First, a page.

How to Survive Working for the Too-Many-New-Ideas Boss

Learning and training departments in businesses around the country often have one or more team members who are very creative, but when it’s the boss who is one of the creative types, it can make for a challenging work environment. After all, it can be hard to keep up with the too-many-new-ideas boss, which some refer to as “shiny object syndrome” or “high idea productivity.” You can come out of a meeting with several new initiatives and then by the time you get back to your desk there’s an email from the boss with yet another idea. This kind of rapid shifting and reshuffling of priorities can make your head spin. Rather than driving yourself crazy trying to stay on top of a constantly changing to-do list, it’s time to engage in some specific managing-up techniques to reign in your boss and preserve your own sanity.

Employee overwhelmed by too many new ideas from her boss.

How You React to the Too-Many-New-Ideas Boss

You’ll no doubt notice that some people don’t seem to mind the crazy pace of new ideas that come from the boss, probably because they’re similar. If the flow of ideas is really driving you nuts, then it’s probably because you’re more of an action-oriented person than an idea-person. If this is the case, then you really have to adjust your mindset or you run the risk of developing a resentful attitude towards the boss where you feel like you’re the only one who is actually getting anything done. What you want to do instead is keep the relationship on a solidly mutual trust footing. View the relationship as one where the differences are complementary rather than in conflict.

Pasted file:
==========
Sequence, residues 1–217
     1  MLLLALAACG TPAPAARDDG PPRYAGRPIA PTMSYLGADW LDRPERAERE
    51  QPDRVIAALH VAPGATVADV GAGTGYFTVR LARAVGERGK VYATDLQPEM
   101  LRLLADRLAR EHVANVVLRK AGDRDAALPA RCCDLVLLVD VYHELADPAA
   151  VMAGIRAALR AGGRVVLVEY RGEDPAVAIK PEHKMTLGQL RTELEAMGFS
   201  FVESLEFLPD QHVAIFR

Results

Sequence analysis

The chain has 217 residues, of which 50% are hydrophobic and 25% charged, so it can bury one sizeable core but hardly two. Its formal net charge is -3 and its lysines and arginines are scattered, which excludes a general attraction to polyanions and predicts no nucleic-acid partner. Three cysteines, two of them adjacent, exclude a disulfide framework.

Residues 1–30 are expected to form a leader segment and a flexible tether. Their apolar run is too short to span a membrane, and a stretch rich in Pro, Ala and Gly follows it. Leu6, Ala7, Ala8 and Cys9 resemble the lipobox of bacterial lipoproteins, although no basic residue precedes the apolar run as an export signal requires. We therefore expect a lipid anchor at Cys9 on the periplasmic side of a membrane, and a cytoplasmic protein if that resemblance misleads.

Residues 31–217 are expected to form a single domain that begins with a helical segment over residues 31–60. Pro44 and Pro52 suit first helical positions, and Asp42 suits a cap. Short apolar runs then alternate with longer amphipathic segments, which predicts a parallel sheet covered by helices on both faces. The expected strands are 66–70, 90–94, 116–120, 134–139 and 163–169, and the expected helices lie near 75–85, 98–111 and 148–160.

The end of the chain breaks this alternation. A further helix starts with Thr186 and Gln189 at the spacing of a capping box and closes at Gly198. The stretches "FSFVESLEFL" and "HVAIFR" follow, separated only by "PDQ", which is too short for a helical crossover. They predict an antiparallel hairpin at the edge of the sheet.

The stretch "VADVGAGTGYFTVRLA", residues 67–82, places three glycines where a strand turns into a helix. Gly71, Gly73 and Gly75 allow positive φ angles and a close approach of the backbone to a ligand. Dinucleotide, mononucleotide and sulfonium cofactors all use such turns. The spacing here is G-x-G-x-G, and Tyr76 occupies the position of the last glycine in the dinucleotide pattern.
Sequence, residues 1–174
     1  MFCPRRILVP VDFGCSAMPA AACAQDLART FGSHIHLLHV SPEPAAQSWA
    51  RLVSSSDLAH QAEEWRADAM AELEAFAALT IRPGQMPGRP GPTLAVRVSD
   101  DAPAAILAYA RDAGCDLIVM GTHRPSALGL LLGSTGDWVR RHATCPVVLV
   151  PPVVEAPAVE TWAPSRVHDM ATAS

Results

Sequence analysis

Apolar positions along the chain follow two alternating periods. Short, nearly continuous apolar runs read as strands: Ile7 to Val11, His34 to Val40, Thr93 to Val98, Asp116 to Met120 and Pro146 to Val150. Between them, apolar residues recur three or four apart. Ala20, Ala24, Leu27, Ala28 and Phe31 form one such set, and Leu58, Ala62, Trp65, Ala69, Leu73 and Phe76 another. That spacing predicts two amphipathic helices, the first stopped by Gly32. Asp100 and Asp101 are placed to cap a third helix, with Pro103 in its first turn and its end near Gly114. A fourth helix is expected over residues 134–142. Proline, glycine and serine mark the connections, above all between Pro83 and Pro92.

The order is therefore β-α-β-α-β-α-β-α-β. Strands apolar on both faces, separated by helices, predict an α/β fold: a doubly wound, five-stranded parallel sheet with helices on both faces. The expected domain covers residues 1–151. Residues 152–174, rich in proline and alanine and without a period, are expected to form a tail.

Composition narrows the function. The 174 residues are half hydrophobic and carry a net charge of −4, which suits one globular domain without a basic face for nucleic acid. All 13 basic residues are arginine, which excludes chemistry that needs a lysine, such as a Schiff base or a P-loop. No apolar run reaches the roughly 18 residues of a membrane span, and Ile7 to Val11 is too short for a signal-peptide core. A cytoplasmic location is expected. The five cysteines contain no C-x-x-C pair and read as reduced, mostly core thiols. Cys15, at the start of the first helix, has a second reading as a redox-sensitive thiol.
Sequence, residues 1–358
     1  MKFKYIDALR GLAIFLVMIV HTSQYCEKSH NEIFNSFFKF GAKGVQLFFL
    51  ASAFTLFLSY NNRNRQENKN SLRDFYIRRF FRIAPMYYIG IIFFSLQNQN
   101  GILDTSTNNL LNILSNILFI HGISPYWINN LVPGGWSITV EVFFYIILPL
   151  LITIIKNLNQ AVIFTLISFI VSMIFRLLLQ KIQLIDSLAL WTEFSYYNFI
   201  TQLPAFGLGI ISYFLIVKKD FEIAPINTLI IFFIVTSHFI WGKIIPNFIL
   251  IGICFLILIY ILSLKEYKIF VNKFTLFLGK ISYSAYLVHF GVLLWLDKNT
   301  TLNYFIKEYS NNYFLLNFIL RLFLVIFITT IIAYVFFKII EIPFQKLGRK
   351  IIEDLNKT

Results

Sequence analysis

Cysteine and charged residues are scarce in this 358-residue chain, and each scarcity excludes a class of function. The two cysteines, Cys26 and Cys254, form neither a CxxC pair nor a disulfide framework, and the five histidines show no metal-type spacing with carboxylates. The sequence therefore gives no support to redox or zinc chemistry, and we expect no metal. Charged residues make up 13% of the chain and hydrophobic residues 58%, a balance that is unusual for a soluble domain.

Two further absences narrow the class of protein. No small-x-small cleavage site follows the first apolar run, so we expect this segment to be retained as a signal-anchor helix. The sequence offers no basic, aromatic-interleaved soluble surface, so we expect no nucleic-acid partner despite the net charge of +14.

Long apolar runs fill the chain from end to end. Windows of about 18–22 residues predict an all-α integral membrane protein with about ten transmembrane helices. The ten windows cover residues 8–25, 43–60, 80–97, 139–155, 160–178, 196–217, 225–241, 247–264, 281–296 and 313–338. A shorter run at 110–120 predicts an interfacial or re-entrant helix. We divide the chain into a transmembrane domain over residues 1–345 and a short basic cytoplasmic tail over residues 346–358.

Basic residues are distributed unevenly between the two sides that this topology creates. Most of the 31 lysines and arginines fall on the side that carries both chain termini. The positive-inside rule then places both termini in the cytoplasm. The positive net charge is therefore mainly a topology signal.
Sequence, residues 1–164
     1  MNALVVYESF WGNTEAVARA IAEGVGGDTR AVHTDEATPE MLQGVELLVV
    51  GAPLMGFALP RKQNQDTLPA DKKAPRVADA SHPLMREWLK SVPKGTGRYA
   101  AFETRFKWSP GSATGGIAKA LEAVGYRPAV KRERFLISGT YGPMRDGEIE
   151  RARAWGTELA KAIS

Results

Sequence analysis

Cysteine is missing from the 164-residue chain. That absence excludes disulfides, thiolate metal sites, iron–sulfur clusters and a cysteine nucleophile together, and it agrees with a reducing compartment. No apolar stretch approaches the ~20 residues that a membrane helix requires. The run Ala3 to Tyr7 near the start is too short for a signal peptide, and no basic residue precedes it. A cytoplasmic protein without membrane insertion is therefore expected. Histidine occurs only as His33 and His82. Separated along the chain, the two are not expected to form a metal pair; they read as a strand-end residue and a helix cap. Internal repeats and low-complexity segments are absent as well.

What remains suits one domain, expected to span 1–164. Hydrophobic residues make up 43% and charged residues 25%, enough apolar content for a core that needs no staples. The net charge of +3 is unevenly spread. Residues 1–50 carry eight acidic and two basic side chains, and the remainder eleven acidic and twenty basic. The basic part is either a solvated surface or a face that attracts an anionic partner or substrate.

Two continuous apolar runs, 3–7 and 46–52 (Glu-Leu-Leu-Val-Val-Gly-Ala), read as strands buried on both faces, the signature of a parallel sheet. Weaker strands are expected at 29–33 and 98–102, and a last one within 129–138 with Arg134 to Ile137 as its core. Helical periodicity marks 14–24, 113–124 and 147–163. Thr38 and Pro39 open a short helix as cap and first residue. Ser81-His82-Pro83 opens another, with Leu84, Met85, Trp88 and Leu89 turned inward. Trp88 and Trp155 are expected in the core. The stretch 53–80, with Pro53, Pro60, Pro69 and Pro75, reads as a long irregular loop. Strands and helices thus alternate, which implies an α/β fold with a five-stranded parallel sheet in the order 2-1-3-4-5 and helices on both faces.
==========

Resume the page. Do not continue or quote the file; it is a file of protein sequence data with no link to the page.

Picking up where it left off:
If you’re an action-oriented person, your natural inclination is to assume that every new idea is one that you need to act on, but this isn’t always the case. Keep a list of the ideas, acknowledging each one, but don’t fall into the trap of thinking you have to immediately act on all of them. If the idea comes up multiple times, it’s a good indication that its one you’ll need to act on sooner than later. But you also need to have a general feel for your particular boss around expectations for acting on ideas.

Negotiating Expectations with the Too-Many-New-Ideas Boss

One of the pitfalls of “shiny object syndrome” is that the high idea productivity boss may not have a realistic view of how much time it will take to pursue and act on various ideas. One way to obtain clarity about any particular idea is to figure out how much time and money it will take to follow up on the idea. The boss might then realize it’s not an idea worth pursuing once some hard numbers around resource allocation are revealed.

Another way to manage expectations is by using what is already in place for the team’s annual or quarterly plan. Talk with the boss about how they see the idea fitting into the existing plan or if the plan has to be overhauled by taking something out of it, or find out if the idea can be put off until the next quarter or year. In other words, you’re gently trying to get the boss to see how new ideas impact existing plans and priorities.

How an action-oriented person deals with the input of an ideas-oriented boss.

The too-many-new-ideas boss may not even realize or understand how much havoc they are wreaking on a team that is trying to keep up with every idea and consequently not getting much of anything done. The more this can be brought out into open discussion, the better – but not when everyone is already feeling frustrated about the process.

Having a high idea productivity boss can be exhilarating or debilitating depending on how it plays out over time, which in turn might depend more upon your own careful approach to managing up than anything else. Your own sanity and the success of your team are at stake, so take a deep breath and be strategic in your approach.

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